There is no doubt that social media is contributing to great positive changes in our world. But we must not forget or ignore its dark side. Today, we have masses of information that are sent via instant messaging, tweeting, tumblr, YouTube. Speed is a priority, brevity is important. There are social implications that come with this technology. Among other things, we are losing accuracy and time for critical thinking. Tom Flanagan is a recent recipient of information fallout. Look how quickly he was judged and "dropped" by friends and peers. Is this our future: Fear of attacks on social media stifling different voices and difficult but necessary problem-solving?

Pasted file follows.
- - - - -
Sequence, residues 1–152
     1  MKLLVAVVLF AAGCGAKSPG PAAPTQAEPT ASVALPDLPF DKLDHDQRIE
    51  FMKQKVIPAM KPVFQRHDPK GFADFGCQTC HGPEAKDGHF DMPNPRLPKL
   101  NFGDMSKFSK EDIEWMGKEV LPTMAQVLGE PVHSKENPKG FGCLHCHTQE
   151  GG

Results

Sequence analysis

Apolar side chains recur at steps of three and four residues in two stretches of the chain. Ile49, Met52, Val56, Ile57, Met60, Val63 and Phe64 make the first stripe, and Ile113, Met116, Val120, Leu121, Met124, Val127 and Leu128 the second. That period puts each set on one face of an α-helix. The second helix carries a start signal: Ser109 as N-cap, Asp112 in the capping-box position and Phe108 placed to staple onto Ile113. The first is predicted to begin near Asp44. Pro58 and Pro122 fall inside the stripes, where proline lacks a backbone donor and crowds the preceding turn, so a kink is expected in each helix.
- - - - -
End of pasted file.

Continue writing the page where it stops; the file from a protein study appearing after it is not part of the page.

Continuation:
To all the anti-establishment hipsters lamenting technological advancement and the resulting popularity of social media: nostalgia for a bygone era is hardly avant-garde. Drastically different social norms are not an indication of societal "decline," but simply an indication of human nature's astounding ability to both create and adapt to change.
By so enthusiastically embracing this newfound ability to share everything, artists' work is being inherently devalued in the rush to simply "get it out there." Sure, you're anxious to share your passion with the world, but think about who is really benefiting from all your hard work before you click that submit button.